The district was preparing to open its school year using its preferred hybrid model of instruction when the board voted in favor of it on Aug. 3. The decision to backtrack two weeks later was made after administrators outlined the difficulty the district was having in providing adequate staffing for both classroom and online instruction while meeting accommodations requested by district personnel for the 2020-21 school year. Mitchler detailed how the district was prepared to meet the requirements and protocols for hybrid instruction at its elementary and secondary buildings.

While the district’s buildings are ready to welcome students back at less than capacity, in observation of social distance and sanitation guidelines, providing adequate staffing to all grade levels is an obstacle the district is not fully able to overcome as of yet, according to Mitchler.

Returning students to the classroom on a part-time basis will present challenges, prompting extensive questioning from the school board about policies and procedures regarding students and staffing if a teacher contracts COVID-19 or an outbreak occurs in a classroom. Administrators explained the possible outcomes, and Mitchler said the district’s decision-making is intended to provide the board, faculty and families with clarity, but not certainty.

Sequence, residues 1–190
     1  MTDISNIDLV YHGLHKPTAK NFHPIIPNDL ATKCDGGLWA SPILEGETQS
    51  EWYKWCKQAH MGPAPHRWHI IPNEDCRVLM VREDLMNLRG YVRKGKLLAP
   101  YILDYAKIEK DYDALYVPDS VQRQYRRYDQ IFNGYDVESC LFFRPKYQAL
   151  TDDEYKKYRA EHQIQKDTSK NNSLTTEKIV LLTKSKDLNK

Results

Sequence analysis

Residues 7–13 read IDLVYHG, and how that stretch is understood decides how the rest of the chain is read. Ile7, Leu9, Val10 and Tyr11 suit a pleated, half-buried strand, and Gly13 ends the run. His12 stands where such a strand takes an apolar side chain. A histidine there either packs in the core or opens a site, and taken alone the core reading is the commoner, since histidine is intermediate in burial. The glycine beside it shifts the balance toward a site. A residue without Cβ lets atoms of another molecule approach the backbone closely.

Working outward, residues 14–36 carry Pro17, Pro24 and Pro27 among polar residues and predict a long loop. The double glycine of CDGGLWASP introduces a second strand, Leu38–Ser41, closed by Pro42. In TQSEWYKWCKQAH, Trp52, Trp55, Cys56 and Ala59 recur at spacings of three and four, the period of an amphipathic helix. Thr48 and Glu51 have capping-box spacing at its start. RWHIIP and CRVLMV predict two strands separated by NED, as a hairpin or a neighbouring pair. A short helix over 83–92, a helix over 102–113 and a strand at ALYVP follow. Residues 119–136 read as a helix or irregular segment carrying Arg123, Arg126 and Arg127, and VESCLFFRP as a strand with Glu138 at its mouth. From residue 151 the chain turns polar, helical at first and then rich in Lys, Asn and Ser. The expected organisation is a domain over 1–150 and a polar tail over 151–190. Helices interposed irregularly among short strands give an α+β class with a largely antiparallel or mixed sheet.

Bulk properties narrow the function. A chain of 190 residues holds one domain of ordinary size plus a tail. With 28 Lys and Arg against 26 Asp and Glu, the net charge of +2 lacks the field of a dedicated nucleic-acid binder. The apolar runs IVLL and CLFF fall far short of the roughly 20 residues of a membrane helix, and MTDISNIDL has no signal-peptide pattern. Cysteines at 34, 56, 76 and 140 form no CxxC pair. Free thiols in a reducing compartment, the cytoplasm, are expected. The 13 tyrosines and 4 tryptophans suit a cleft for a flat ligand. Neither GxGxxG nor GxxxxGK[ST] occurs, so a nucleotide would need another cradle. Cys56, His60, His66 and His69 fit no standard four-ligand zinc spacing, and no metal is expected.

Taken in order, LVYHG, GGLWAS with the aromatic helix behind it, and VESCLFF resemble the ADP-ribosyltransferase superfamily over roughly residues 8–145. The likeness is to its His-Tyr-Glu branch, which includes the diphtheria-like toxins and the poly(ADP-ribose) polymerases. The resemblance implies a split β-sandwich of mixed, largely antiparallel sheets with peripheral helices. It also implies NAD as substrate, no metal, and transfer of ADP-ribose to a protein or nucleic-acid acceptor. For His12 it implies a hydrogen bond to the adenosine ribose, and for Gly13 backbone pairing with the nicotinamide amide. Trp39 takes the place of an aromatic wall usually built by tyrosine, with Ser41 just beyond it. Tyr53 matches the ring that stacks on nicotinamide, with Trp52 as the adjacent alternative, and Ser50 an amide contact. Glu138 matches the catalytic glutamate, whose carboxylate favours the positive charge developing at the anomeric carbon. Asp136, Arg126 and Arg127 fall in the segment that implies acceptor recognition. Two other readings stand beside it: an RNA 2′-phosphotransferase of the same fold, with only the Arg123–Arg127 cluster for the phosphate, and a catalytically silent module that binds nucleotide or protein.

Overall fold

Supt. Les Fujitake said that the move to hybrid instruction comes with tradeoffs, and that the district has prepared to respond to those tradeoffs. Andy Kubas, the district’s executive director of teaching and learning, noted that in weighing the tradeoffs of shifting to hybrid learning, “there’s no right answer.”

The district does not have a timetable for a potential shift to hybrid instruction for its secondary students, but Fujitake suggested middle school students could return at the end of their first quarter, while high school students could return at the end of their first trimester.